tempdb blocking

  • If I attempt to expand tables via SSMS, I get: "Lock request time out period exceeded".

    - When querying tempdb.sys.tables, I’m being blocked pretty much non stop by random SELECT INTO procedures

    - I can query tempdb.sys.tables WITH (NOLOCK)

    - Why would that block me from viewing data? Uncommitted temp table creations!?

    - If I attempt to right click tempdb and view properties, I get: "Property Size is not available for Database '[tempdb]'. This property may not exist for this object, or may not be retrievable due to insufficient access rights."

    - Definitely not a permissions issue. Database is owned by sa and I can query all the tempdb system properties via TSQL

    Any initial starting points would be most welcome. I realize the tempdb is very busy and possibly contentious; however I've never seen this type of behavior before.

    Thanks

  • That does sound like either permissions issues, serious blocking issues, or maybe a combination of the two. I have seen the first error message before. It was on a system that was under serious resource contention. Are you seeing excessive blocking on the server? Don't try to use the GUI to check it, use dynamic management views such as sys.dm_exec_requests.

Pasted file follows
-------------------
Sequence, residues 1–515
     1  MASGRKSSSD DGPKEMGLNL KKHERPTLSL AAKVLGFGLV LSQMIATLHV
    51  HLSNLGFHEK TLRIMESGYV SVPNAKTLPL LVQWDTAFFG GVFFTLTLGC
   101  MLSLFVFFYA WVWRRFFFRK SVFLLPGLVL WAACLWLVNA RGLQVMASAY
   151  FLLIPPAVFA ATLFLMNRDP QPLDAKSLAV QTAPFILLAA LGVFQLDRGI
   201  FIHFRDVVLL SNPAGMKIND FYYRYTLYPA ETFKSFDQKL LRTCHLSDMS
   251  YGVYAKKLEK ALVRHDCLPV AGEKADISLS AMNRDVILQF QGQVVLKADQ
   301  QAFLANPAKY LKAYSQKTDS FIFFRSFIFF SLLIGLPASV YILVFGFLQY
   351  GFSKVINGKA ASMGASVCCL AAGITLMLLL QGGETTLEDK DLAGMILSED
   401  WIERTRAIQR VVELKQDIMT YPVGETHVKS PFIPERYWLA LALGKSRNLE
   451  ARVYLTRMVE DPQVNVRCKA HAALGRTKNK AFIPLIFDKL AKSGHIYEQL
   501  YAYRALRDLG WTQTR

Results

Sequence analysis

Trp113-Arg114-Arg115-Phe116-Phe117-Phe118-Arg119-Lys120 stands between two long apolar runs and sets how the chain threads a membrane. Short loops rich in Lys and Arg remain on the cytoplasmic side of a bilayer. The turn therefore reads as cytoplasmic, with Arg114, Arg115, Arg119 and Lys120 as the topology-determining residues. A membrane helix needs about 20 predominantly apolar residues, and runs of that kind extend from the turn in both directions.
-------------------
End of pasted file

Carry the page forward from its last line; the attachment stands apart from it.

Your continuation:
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  • I have faced this issue one while trying to open the stored procedures using SSMS. Everytime i tried to expand the stored Procedure node it gave "Lock request time out period exceeded".

    When i checked the queries running on the server i found out that a proc which was calling XP cmdshell was running under multiple connections. On Further investigation i found out that even when the called procedure completed its execution xp cmdshell was continued to run and was causing some kind of locking in SQL Server.

    Killing the process from the task manager solved my issue.

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  • After some more digging and testing, it would seem that a SELECT INTO does indeed lock some of the system tables.

    We're now starting to dissect performance between SELECT INTO and INSERT INTO and could use some guidance.

    Why would a SELECT INTO vs. an INSERT INTO yield more tempdb allocations? More specifically when we did a SELECT INTO, we saw over tens of thousands of tempdb allocations (sys.dm_db_task_space_usage); however when using an INSERT INTO, we saw none. Obviously this makes us want to recommend removing all the SELECT INTO’s; however would like either of your opinions on this topic while we continue to investigate and test.

    I have to assume overall, a SELECT INTO is more contentious than that of an INSERT INTO; however would love some true backing to confirm as the amount of work ahead to make these changes is quite substantial.

    Any guidance is most welcome.

    Thanks

  • Adam Bean (12/11/2014)


    After some more digging and testing, it would seem that a SELECT INTO does indeed lock some of the system tables.